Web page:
By Sangeetha Saran
My first exposure to yogic practices was in Kundalini. In those days, we just didn’t think about it as a workout, but I can see why some students see asana or the movement between asana as the sum total of yogic methodology. After all, this is what they see in classes, on television and on the Internet. A graduate of a yoga teacher training course should know more than how to properly instruct students during asana practice.
Yoga means different things to different people. Some people subscribe to a yogic lifestyle in every way by treating others with compassion and gratitude, while using meditation time to reflect and renew. Others see it as a workout for the body that stretches and tones the muscles, ligaments and joints. Those who see it as no more than a workout are missing out on an entire aspect of yoga that can be extremely beneficial as we wade through life. When yogic methodology is only a workout, you are focusing only on your body and neglecting the mind-body connection and spiritual healing that accompanies a well-rounded practice.
When yoga asanas, or postures, are treated as simple stretches without any thought or intentional breathing, the results are less effective. Practitioners will gain more from even a simple series of poses when they breathe deeply into each posture, allowing the breath to take them deeper into the pose.
When we allow a barrage of conscious thoughts to enter our heads during a yoga workout, the result is that we never reach a higher state of awareness. Those who choose to think about all the events of the day, the stresses and problems that they faced or their interactions with others during practice, will find that they don’t get any sort of mental break. Contrarily, those who focus on releasing minute thoughts will find that yoga training provides a great mental release and rejuvenation.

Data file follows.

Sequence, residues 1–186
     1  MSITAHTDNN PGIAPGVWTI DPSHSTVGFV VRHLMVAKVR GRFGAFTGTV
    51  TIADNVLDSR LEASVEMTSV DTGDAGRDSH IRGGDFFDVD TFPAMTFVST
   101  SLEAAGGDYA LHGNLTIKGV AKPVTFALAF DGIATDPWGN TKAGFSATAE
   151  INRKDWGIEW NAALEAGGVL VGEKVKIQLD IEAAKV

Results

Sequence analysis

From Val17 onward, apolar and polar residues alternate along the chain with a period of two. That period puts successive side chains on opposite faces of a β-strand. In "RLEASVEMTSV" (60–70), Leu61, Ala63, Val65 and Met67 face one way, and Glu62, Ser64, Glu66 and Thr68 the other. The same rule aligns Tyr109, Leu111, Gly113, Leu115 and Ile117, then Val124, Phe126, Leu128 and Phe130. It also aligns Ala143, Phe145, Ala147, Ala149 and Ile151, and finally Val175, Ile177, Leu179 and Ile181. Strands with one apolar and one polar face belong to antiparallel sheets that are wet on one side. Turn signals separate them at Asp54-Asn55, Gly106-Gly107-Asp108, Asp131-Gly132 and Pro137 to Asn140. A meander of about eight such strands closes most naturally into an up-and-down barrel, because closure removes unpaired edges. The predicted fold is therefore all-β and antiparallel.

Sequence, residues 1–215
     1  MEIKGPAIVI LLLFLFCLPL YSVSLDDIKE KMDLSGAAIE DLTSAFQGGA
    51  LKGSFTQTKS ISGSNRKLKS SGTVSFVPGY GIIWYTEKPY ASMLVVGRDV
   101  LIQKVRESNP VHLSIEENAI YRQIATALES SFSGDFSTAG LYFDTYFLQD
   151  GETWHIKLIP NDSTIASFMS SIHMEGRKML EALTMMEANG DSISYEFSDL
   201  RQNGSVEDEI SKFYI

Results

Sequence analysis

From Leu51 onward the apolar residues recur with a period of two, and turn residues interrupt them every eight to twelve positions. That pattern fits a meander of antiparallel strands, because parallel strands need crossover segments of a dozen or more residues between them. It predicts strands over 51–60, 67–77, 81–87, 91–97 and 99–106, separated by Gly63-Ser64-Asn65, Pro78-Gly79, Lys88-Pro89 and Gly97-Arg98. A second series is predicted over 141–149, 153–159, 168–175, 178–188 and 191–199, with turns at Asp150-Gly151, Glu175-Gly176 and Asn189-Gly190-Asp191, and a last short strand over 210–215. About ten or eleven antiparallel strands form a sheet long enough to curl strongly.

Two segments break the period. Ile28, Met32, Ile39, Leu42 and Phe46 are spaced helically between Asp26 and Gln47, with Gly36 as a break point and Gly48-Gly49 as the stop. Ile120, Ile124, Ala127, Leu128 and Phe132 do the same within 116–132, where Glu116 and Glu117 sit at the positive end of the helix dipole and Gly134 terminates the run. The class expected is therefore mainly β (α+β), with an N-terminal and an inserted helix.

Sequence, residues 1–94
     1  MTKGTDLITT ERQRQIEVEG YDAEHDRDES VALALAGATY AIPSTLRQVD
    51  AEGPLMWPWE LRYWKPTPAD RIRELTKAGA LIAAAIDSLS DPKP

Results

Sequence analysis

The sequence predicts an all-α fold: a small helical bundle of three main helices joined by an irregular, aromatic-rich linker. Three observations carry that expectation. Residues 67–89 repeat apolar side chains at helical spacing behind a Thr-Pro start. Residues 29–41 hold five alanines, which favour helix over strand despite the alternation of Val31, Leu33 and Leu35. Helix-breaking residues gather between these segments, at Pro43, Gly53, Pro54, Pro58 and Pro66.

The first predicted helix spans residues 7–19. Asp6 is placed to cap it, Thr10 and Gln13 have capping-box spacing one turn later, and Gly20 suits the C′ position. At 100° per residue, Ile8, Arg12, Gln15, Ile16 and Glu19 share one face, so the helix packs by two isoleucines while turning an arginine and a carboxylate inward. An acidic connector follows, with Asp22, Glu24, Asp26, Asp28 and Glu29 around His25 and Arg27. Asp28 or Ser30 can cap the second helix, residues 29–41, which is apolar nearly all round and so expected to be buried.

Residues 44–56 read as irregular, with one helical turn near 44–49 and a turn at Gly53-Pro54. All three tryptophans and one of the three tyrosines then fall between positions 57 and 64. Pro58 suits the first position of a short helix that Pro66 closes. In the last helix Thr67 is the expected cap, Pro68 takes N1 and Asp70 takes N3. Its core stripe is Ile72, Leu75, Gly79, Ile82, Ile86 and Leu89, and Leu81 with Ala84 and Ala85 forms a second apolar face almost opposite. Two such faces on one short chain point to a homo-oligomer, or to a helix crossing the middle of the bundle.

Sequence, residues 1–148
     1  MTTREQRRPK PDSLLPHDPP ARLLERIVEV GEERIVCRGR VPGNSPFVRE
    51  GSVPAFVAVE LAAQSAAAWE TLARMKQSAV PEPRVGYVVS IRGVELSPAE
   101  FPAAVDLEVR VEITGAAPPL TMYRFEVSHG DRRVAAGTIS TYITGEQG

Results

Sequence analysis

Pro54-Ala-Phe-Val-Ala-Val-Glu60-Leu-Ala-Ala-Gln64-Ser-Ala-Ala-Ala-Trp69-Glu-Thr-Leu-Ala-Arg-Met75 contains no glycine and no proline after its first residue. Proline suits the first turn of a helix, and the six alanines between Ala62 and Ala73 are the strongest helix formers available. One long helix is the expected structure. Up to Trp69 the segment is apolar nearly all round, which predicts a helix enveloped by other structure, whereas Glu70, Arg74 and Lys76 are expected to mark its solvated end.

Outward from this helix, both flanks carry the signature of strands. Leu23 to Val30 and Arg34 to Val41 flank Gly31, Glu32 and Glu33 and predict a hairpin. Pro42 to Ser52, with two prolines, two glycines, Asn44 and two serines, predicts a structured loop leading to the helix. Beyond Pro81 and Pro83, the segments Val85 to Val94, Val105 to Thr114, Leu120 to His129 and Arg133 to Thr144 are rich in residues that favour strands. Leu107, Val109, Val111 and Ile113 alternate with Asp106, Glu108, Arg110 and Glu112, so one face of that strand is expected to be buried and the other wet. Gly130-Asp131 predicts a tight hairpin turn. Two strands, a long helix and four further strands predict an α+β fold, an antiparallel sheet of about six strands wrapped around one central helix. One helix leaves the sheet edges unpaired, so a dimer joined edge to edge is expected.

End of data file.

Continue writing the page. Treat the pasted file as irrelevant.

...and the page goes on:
The transformation from performing yoga as only a workout to a routine that frees the mind is an easy one. Practitioners simply have to make the conscious effort to focus on their breath and their selves during practice. They must vow to release any thoughts that come into their heads as quickly as possible. This will undoubtedly become easier with practice.
Pranayama practice includes all of the breathing and meditative practices connected with yogic philosophy and routines. Pranayama techniques range from simple to complex and can help people deal with a host of emotional and physical issues if they are willing to give it a try. Someone who is looking at yoga as merely a workout will not gain the benefits that pranayama has to offer, including stress release, greater concentration, renewed energy and improved mood.
When performed as more than just a workout, yoga can also offer great insight into the practitioner’s own self. Many people find they get to know their selves better through yoga. Meditation, contemplation and breathing allow them to find a deeper meaning in life. These concepts are lost on someone who is simply stretching their yoga training away.
If you are a yoga instructor, you want to present the full picture to your students. If you have a fitness, gym or sport form of yoga certification that’s fine, but you still want to enhance your knowledge to become the best yoga instructor you can be. Learn all you can and participate in continuing education.
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When yogic methodology is only a workout, you are focusing only on your body and neglecting the mind-body connection and spiritual healing that accompanies a well-rounded practice. Thanks for nice sharing!